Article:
A Twitch

When someone does something inexplicable, something that does not make
sense, you can respond in one of two ways: you can decide they’re an idiot—that
there is something wrong with them—or you can speculate that perhaps
there’s something going on there that you don’t understand. You can assume you
have all the facts that you need to make sense of the situation, or you can
ask: what would need to be true for this person’s action to make sense?

It doesn’t make sense, on the face of it, that New York Times opinion
columnist Bret Stephens would respond to a person who called him a “bed bug” by
trying to get that person fired. It seems inexplicable that so vigilant a
champion of free speech as the author of “Free Speech and the Necessity of Discomfort” would email the provost of the university where the professor who insulted him works, an action that makes no sense except as an effort to silence or retaliate against a person for their speech.

It makes no sense for that action to have been taken by the person who inflicted the following words on the University of Michigan in February of last year: “What bothers me is that too many people, including those who are supposed to be the gatekeepers of liberal culture, are using these platforms to try to shut down the speech of others, ruin their reputations, and publicly humiliate them.”

Since he is, himself, a gatekeeper of liberal culture, it would be easy (and
fun) to look at his attempt to punish, publicly humiliate, and shut down the
speech of Dr. David Karpf and respond by saying things like: “Bret Stephens is
a hypocrite,” “Bret Stephens is dumb,” or “Bret Stephens is operating in bad
faith.”

If we say these things, however, we would be crossing the one red line that
Bret Stephens defends, the one form of speech that must not, it turns out, be
protected. Bret Stephens believes that making the reader uncomfortable is a
core, identifying tenet of journalism—“if we aren’t making our readers
uncomfortable every day, we aren’t doing our job,” he writes. But he carves out
one exception, the “gratuitous insult.” Making people uncomfortable is a
professional requirement, but as he quickly clarifies, “I don’t mean we should
gratuitously insult them if we can avoid it.” 

I will leave to the philosophers the question of whether an insult can be
both “gratuitous” and unavoidable, but this distinction is the thing you have
to grab onto to understand why the author of so many defenses of free speech
has behaved in the way he has. “To be unsettled and discomforted is the world’s
great motivator,” he writes; speech that “is a prick to conscience, a prod to
thinking, a rebuke to complacency and a spur to action” must be free. But if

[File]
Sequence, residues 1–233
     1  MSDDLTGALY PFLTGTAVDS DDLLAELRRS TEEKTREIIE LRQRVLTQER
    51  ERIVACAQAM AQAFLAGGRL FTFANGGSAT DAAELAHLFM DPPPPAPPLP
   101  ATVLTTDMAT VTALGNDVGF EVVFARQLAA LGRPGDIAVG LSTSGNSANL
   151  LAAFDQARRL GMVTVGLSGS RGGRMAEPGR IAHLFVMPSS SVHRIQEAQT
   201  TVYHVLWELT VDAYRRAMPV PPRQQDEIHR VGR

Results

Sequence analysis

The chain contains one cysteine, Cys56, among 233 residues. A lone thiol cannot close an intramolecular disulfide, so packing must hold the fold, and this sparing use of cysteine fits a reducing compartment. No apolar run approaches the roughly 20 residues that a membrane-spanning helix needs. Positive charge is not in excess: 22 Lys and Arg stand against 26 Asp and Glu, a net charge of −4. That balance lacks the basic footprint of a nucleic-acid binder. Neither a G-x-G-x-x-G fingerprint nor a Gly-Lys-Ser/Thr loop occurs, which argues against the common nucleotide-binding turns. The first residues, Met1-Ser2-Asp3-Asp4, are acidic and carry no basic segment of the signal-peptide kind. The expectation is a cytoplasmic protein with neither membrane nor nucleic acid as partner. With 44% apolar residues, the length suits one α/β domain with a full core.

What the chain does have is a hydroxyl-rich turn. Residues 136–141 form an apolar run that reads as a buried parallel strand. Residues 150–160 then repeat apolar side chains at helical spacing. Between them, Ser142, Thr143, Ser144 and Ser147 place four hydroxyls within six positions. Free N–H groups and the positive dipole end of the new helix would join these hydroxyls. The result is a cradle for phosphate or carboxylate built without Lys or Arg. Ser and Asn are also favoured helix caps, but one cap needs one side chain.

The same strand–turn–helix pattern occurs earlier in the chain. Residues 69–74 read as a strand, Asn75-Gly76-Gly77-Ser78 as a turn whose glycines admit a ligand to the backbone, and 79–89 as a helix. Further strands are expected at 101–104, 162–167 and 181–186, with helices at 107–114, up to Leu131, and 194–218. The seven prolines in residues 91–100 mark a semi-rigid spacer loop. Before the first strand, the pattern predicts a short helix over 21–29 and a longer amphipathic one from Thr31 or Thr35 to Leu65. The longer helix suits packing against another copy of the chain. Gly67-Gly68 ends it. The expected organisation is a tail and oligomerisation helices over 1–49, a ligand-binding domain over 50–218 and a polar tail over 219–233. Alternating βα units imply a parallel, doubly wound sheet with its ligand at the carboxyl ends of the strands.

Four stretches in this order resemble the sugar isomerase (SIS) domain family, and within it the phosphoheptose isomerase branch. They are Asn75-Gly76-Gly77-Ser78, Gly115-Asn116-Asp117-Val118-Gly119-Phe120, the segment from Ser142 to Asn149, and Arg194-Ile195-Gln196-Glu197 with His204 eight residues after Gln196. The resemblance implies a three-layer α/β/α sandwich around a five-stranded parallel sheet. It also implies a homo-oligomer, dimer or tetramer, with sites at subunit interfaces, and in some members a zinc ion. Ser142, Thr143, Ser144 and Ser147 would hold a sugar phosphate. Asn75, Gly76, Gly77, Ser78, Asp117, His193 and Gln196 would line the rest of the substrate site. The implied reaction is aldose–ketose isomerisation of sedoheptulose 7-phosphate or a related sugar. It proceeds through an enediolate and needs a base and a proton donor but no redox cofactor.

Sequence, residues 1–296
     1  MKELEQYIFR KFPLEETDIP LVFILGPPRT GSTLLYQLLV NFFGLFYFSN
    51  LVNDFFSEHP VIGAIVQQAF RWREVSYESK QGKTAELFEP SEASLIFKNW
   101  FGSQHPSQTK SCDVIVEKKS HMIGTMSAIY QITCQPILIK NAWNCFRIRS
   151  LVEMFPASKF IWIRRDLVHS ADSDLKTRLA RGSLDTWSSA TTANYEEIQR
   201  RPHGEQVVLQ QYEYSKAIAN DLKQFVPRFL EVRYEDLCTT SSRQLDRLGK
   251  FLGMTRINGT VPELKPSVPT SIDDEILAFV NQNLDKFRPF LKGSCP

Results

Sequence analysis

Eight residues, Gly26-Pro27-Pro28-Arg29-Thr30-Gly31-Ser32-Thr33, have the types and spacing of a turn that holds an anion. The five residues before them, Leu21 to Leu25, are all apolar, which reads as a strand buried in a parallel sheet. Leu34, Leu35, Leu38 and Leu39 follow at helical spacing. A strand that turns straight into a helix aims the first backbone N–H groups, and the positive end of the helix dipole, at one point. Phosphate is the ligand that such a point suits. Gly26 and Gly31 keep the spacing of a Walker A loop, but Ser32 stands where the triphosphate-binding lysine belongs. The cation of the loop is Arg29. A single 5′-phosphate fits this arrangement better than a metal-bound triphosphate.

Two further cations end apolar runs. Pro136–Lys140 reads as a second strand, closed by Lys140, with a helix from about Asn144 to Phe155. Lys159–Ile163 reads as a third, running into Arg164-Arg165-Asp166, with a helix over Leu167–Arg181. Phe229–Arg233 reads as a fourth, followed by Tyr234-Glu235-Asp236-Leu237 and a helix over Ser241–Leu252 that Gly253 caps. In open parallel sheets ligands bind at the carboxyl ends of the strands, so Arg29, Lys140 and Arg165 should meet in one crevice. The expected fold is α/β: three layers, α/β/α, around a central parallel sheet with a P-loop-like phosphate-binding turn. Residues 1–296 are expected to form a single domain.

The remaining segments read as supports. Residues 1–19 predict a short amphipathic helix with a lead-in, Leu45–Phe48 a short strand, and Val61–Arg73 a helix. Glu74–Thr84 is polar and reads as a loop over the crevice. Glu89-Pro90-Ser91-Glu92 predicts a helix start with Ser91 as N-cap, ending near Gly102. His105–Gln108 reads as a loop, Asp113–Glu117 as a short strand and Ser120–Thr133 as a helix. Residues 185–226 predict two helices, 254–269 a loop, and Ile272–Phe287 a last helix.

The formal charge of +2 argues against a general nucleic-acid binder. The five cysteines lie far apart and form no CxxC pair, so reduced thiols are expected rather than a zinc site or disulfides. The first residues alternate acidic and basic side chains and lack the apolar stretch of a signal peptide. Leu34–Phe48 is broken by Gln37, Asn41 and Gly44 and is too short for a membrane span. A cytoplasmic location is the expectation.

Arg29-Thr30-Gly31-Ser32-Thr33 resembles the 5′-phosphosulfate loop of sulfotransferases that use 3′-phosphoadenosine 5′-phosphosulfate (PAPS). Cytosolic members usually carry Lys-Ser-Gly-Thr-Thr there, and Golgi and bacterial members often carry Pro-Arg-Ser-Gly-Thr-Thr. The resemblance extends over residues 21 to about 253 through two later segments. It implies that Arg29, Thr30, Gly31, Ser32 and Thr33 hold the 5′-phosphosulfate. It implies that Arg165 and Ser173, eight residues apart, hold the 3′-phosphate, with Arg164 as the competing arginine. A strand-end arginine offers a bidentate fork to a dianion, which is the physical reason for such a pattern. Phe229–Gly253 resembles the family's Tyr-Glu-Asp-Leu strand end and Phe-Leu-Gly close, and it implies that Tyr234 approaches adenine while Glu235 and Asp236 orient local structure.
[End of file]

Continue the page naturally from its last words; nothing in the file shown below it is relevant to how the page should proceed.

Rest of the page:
gratuitous insults are something else, and belong in different category, then
it makes perfect sense why, on receiving such an insult, he would attempt to
retaliate.

Another problem emerges, of course: Bret Stephens once called antisemitism a “disease of the Arab mind,” a phrase which would seem to exemplify exactly the kind of racist speech he was ostensibly attacking at that very moment. To declare that Arabs have a particular kind of diseased mind—that being Arab means congenital bigotry—is certainly an unsettling, and what kind of action is it meant to spur us to take? More to the point, it’s hard to square this position with what he would go on to say this morning, that an insect metaphor like that is “dehumanizing and totally
unacceptable no matter where it comes from” (noting that “There’s a bad history
of being analogized to insects that goes back to a lot of totalitarian regimes
in the past”). Is calling Bret Stephens a “bed bug” dehumanizing and
totalitarian in ways that describing Arabs as having diseased minds isn’t? That
would also seem to have a “bad history.”

Bret Stephens also once described Palestinians as “trapped in ideological amber,” and then asked, rhetorically, “How long can the world be expected to keep staring at this
four-million-year-old mosquito?”

The way to square all this is to distinguish between attacks on an
individual and attacks on ethnic groups. One might say that there’s a kind of
disease of the right-wing mind which prevents people like Bret
Stephens—especially when they are straight, white, rich, and male—from
perceiving the validity of group identities. If you believe that there’s no
such thing as society—as Margaret Thatcher once famously declared—that there
are only individual men and women and families, then imagining you are part of
a society is the problem. This is especially easy to do for someone like Bret
Stephens; because they have no group identity themselves (or, rather, they reject
being described as what they are, straight white rich and male, and regard it
as an attack), then why wouldn’t they insults of that nature to be dehumanizing?
After all, if being an individual —and having no distinguishing marks
other than that—is what makes you human, then it’s being part of a collective that
dehumanizes. You’ll be lost in the hive and the swarm. And so, the solution to
that dehumanization is to free yourself from it, and be an individual instead.
Break out of the amber. Be like Bret Stephens: be nothing in particular.

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